Humpback whale died in 'horrific way' tangled in ropes, trap

Ropes and fishing gear wrapped around a humpback whale discovered in the Bay of Fundy 'very likely' played a role in the animal’s death, says the director of the Marine Animal Response Society.

Marine Animal Response Society hopes to conduct necropsy and track down where the gear originated

This photo of Peajack floating in the Bay of Fundy was provided to the Marine Animal Rescue by the Fundy East Whale Rescue and Sustainable Oceans Applied Research. (Marine Animal Response Society/Facebook)

Ropes and fishing gear wrapped around a humpback whale discovered in the Bay of Fundy "very likely" played a role in the animal's death, says the director of the Marine Animal Response Society. 

Tonya Wimmer was part of a team on a Canadian Coast Guard boat that located the whale Saturday evening, floating in an area between Long Island and Brier Island, N.S. 

Peajack's tail is shown entangled in ropes in this photo posted to the Marine Animal Response Society's Facebook page. (Marine Animal Response Society/Facebook)

"There was a trap on the animal as well, there may be more or an anchor perhaps. The animal was quite weighted down," she said.  "It's a pretty horrific way for this animal to die."

Called Peajack, the whale was a breeding female and a familiar sight in the area for years.

Peajack, a female humpback whale, was found dead off the coast of Brier Island, N.S., on Friday. The Marine Animal Response Society said the animal was entangled in rope and other fishing gear when they found it Saturday. (Submitted by Brier Island Whale and Seabird Cruises)

Amid high winds Saturday, biologists got as close to the animal as they could — gathering photos, underwater footage and skin samples. 

Wimmer said the society will be working with the Department of Fisheries and Ocean and hopes to tow the animal to shore where they could perform a necropsy with a team from the Atlantic Veterinary College.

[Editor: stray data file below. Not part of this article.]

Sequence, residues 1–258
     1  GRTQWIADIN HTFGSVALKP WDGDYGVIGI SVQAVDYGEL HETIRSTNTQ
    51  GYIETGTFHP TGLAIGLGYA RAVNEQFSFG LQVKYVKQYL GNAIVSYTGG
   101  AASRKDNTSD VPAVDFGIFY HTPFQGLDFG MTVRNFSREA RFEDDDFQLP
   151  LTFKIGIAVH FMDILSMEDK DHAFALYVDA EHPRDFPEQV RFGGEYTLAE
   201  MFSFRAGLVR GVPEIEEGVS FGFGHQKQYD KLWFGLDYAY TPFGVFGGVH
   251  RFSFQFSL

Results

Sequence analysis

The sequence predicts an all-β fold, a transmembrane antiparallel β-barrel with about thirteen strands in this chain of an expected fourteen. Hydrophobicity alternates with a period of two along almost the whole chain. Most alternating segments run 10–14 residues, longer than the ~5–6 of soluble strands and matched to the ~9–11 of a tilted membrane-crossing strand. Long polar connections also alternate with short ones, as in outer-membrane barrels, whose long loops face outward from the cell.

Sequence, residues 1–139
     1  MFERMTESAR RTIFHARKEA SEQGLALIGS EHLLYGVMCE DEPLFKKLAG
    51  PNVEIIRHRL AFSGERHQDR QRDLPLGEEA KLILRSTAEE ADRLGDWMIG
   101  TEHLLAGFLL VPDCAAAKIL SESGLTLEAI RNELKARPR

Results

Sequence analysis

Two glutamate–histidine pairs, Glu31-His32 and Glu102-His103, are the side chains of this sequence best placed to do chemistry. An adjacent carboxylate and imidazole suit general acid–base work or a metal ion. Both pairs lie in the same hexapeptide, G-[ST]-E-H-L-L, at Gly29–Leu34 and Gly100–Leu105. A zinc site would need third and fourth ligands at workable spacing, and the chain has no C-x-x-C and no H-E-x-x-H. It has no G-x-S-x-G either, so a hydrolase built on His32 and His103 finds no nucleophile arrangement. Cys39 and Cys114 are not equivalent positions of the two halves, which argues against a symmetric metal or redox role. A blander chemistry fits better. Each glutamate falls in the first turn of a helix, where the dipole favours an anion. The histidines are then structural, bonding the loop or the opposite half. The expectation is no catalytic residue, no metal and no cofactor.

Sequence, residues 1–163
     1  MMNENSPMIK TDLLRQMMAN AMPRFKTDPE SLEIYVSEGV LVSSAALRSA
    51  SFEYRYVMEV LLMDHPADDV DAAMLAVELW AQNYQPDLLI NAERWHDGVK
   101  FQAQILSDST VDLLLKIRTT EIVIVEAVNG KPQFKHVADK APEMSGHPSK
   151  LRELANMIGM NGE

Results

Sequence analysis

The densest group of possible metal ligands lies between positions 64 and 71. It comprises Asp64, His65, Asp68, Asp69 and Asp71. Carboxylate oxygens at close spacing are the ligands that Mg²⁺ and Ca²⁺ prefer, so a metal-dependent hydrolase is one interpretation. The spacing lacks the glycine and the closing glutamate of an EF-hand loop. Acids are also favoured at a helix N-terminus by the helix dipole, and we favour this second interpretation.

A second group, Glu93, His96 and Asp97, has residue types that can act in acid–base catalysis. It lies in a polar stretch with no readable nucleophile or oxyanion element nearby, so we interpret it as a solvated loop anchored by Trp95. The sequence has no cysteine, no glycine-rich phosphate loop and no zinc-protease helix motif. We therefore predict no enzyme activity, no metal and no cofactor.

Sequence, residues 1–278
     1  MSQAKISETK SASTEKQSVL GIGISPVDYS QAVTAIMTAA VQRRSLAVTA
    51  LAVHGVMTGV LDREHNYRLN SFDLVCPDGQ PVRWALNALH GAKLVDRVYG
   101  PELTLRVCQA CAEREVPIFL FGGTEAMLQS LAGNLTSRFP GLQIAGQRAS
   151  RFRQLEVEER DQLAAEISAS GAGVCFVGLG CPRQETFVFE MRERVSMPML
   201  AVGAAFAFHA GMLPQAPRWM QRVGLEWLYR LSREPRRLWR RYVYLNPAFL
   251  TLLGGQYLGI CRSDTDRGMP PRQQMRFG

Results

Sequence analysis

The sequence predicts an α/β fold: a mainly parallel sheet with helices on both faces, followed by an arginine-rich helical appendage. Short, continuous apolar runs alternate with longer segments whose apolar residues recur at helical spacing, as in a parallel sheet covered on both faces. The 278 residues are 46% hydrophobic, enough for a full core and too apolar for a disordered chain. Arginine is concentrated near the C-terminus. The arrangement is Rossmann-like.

In this photo, Peajack is seen next to a Brier Island Whale and Seabird Cruises tour boat. (Submitted by Brier Island Whale and Seabird Cruises)

Getting a closer look at the gear could also help them determine what fishery and country it came from. The trap didn't have any information on it, Wimmer said.  

"We need to understand what happened so that we can work with appropriate people, in both industry and government and others to basically look for solutions so things like this don't happen again," she said. 

The humpback whale, Peajack, was a familiar sight in the Bay of Fundy. (Submitted by Brier Island Whale and Seabird Cruises)

There were reports of two other dead humpback whales earlier this summer, one in the Bay of Fundy area and the other off the Magdalen Islands, in the Gulf of St. Lawrence. In March, a dead humpback washed ashore near Ogilvie, N.S.

Humpback whales are classified as a species of special concern under the Canadian Species at Risk Act.

"This is a species for which there is an unusual mortality event in the U.S. going on, so we want to understand the impact of the species, throughout its entire [life] range," Wimmer said. 

Read more articles at CBC Nova Scotia

With files from Sarah Haliburton